The Guarantee
September 3

PR Crisis: the Intersection of Danger and Opportunity

WE’VE ALL HEARD the myth that “all PR is good PR.” We also know that this isn’t always the case. Many business owners think that a PR crisis can only happen to large companies, like BP after the Deepwater Horizon oil spill, or government entities, like FEMA when it was cleaning up the aftermath of Hurricane Katrina. However, smaller companies rely on a smaller customer base. Losing one or two large customers due to a mismanaged PR crisis could cripple the bottom line for any small or mid-sized business. If you can see a potential crisis coming and plan accordingly, though, your PR response can mitigate risk to your brand’s reputation, improve customer loyalty and even generate new customers. Because you never know when a crisis might occur, it is always good to have a crisis-management plan in place. Consider these tips to get you started. Identify your vulnerabilities: What scenarios put you at risk for negative PR? Robberies? Stolen or lost system data? Safety-related injuries? Employees behaving unethically? Disgruntled customers talking to the media? By identifying your vulnerabilities in advance, you can have a plan in place so that you’re prepared for the worst-case scenario. Identify your key audiences: Which groups will you need to communicate with about any of these crises? Customers and prospects? Vendors? Employees and strategic partners? Keep your list of these contacts current, and make that list easily accessible for crisis team members. Establish processes for gathering information: While it’s important to act quickly in crisis mode, it’s also vital that you have accurate information, so that you can speak knowledgably and avoid missteps. Establish communication protocols for conveying critical information. Appoint a crisis spokesperson: For a small business, it’s best to appoint one spokesperson, and provide that person with media training. As we learned from BP during the Deepwater Horizon oil spill, the right person isn’t always the CEO. BP’s CEO, Tony Hayward, will always be remembered for callously stating, “There’s no one who wants this over more than I do. I would like my life back.” Choose someone who can communicate clearly and diplomatically. Choose a business attorney: During a crisis, consulting an attorney is helpful. Interview attorneys in advance to find one you trust with experience consulting on crises for similar companies in your industry. Create a process for addressing complaints: Create a year-round process for tracking all complaints, and establish a timeline for response. If you should have the misfortune of dealing with a PR crisis, act quickly to resolve the situation and always tell the truth. Don’t evade critics; face them. Provide regular updates to all of your key stakeholders, while demonstrating both confidence and compassion. You will also need to be accessible to media, early and often. Avoiding the media only means that you won’t have the opportunity to tell your side of the story. Finally, don’t hesitate to apologize and correct a situation when necessary. Take responsibility. John F. Kennedy, a seasoned PR pro, often reminded his staff that the word “crisis” written in Chinese is composed of two characters: one that represents danger and another that represents opportunity. Be prepared for both.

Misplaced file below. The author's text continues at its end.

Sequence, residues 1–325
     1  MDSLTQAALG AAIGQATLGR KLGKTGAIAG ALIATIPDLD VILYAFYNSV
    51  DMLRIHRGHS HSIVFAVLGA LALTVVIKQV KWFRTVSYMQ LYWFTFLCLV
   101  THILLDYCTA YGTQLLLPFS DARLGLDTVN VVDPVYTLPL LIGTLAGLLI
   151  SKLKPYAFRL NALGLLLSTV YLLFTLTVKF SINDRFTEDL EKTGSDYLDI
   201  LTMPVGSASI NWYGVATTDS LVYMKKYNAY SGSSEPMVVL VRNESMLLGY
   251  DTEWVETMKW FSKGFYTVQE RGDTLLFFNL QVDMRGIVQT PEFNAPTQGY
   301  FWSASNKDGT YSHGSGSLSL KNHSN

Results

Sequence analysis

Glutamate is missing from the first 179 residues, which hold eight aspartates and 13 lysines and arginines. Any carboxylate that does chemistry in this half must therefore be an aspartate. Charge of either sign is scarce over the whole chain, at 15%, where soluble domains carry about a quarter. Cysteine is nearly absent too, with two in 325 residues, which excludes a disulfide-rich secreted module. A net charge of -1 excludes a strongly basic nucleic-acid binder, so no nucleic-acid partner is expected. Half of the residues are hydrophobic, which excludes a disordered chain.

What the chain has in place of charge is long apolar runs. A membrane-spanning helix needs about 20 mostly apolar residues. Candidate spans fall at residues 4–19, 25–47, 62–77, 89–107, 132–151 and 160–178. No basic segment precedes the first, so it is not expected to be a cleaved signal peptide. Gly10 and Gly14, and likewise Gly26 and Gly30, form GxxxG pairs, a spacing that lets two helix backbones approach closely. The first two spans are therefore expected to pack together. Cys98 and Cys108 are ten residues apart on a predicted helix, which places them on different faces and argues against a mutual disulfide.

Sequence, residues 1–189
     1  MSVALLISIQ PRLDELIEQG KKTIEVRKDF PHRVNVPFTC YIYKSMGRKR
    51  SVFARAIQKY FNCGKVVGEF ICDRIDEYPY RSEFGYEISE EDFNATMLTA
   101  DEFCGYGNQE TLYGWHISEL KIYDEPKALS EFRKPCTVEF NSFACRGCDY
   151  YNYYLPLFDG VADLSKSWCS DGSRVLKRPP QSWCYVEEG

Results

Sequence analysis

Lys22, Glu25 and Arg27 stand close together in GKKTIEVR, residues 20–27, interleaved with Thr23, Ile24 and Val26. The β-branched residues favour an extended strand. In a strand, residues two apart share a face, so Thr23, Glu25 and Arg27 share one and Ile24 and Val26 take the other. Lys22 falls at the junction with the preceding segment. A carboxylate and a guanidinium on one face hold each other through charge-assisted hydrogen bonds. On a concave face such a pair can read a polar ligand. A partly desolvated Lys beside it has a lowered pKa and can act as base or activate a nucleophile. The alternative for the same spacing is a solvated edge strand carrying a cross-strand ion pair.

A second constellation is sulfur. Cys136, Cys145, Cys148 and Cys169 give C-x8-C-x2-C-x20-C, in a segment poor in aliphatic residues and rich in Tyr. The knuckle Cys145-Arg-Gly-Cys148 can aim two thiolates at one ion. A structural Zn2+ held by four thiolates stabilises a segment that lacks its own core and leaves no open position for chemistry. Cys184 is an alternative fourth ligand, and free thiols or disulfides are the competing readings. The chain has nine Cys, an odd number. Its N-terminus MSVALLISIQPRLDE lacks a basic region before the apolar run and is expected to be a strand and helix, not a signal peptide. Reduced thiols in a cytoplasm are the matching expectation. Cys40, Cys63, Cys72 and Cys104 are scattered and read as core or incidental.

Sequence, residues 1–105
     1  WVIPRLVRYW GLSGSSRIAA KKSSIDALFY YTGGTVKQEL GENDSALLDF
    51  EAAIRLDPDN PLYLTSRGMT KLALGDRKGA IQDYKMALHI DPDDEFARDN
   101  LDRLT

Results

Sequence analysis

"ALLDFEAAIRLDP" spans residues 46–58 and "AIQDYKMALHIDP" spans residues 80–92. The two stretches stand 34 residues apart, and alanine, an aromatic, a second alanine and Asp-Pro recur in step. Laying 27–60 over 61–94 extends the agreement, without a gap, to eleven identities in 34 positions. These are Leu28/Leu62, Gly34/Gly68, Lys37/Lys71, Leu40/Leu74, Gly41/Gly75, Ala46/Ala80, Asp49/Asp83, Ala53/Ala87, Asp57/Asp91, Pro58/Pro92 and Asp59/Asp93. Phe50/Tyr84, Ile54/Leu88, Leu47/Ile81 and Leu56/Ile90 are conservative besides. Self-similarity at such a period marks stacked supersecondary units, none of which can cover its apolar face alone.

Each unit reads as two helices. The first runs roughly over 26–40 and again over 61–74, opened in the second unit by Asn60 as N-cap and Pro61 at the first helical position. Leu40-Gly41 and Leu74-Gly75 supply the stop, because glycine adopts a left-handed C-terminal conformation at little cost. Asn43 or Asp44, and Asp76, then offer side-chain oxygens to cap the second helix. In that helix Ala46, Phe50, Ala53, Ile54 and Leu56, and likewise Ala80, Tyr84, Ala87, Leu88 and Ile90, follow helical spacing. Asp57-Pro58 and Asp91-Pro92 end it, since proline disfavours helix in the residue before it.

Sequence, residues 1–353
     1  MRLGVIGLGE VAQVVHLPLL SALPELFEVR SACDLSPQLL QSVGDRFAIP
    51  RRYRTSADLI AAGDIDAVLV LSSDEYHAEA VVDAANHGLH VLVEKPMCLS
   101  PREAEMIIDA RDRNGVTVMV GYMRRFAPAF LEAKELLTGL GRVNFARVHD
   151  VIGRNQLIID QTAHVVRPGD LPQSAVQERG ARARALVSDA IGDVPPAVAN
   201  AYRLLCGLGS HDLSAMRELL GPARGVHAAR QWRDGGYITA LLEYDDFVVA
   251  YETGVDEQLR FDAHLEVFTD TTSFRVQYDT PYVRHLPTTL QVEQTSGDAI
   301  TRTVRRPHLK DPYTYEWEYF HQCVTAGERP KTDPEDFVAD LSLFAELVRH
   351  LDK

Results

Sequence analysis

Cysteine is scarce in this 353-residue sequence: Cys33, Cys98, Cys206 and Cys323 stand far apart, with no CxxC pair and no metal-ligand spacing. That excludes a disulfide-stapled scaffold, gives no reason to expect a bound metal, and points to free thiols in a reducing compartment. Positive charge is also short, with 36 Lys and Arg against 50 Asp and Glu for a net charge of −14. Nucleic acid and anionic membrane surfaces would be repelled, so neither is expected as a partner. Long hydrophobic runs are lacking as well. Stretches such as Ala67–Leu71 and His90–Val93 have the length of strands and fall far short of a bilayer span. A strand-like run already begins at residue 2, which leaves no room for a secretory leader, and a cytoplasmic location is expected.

This blog was written by RedRover’s CEO & Founder, Lori Turner-Wilson. Read more about Lori and her unwavering commitment to guaranteed marketing results in her bio.

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